Jay Walder, chief of NYC’s MTA, finally sees eye-to-eye with a reporter. Well, at least a bit.
Last week we wrote about how Greg Mocker, a particularly persistent reporter for WPIX-TV, has been dogging the Transit Authority boss. We showed a clip of Walder’s sorry performance when cornered by the media. Walder kept his gaze fixed far above the pack of reporters and jerked his head around like a fish trying to throw a hook.
Well, Mocker cornered Walder again. As can be seen in the video below. The bus and subway czar managed to actually look at his accuser. That’s progress! Now if he can only work on the substance of his answers — he will be making some improvement with his public communications.
As an aside — after we wrote about Mocker’s report last week — he included a shot of our blog and talked about our “excellent use of the word ‘mockery'” in a subsequent report, a clip of which can be seen here
D.C. Mayor Adrian Fenty decisively lost his re-election bid last night.
The Washington Post says that he “squander(ed)” the “success and the goodwill that catapulted him to office.”
How did Fenty, once a rising star in the political firmament, crash so badly? TBD.com provides a partial answer. Fenty managed to offend one of his earliest constituencies — the media. And when the press is actively down on you — you can be in big trouble.
Fenty has a reputation for being aloof and arrogant. He recently put his twin sons in a high-performing DC public school far from the school district where the mayor lives. When asked about the process, Fenty stiffed the questioners. He hid behind a “I won’t answer questions about my kids” response. The questions weren’t about the kids. They were about Fenty’s “rules don’t apply to me” attitude. Check out the testy exchange in the video below.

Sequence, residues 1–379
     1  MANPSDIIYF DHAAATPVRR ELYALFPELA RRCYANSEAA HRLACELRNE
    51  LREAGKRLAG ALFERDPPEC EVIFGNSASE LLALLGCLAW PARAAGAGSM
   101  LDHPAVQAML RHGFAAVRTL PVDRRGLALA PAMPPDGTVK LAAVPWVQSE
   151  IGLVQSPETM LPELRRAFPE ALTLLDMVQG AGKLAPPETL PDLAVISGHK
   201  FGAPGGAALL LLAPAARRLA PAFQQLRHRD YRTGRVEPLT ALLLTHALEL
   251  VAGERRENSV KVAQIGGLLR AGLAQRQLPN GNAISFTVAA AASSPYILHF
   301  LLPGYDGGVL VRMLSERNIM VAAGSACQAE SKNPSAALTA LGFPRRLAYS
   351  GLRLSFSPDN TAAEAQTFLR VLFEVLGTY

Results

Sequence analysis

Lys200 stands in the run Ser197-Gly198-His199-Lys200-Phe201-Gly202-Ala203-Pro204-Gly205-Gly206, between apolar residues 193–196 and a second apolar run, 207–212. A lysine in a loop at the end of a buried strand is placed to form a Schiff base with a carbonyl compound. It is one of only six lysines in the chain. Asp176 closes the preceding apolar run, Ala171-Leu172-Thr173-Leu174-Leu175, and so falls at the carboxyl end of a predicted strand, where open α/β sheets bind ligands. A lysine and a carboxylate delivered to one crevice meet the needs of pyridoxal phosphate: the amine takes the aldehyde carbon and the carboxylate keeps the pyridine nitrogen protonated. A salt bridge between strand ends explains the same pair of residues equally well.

TBD.com quotes Tom Sherwood, a local NBC 4 TV reporter, as saying: “Adrian Fenty treated the media pretty much like he treated everybody else.” That is not a compliment.
You reap what you sow. Go out of your way to be combative with reporters and they will find plenty of opportunities to show the public what kind of a jerk they think you are.
Politicians may not get positive coverage if they make themselves readily accessible to the press — but we guarantee that they will get negative coverage if they don’t.
There is a lesson in this for other elective leaders. President Obama has had only two full-blown press conferences this year. Is it any wonder that the group the he once jokingly referred to as “the people who made me (a celebrity)” is turning on him?
We teach that reporters are like alligators — you don’t have to like them but, if you are wise, you keep them well fed.
Fenty’s imperial style and refusal to feed the alligators made him a one-term mayor.
There are two ways to handle an aggressive reporter who has already made up his mind on a story: 1) Ignore him or 2) Engage him with the same tenacity that he uses.
In the video below New York City’s Metropolitan Transit Authority Chief, Jay Walder, does neither.
Greg Mocker of WPIX-TV has been on a crusade against Walder and the MTA. The MTA leadership has failed miserably in their response.
Walder simply memorized a press release and delivers his response to Mocker questions in a “that’s my story and I am sticking to it” tone of voice.
His lack of eye contact with Mocker and ALL the other reporters is just bad form. It seems clear he is rattling off his prepared answers and is himself rattled. The clear impression is that he wants to get it over with.
We almost never counsel method one, ignoring the reporter. So, our advice to the MTA is to get MUCH more prepared. Don’t run away from the questions. Look the reporter in the eye, respond directly to the question, and stand there until the reporters run out of questions.
The MTA Chief should know more about his business than a WPIX reporter. If he cannot defend his organization and his actions, he has a lot more problems than being mocked by Mocker.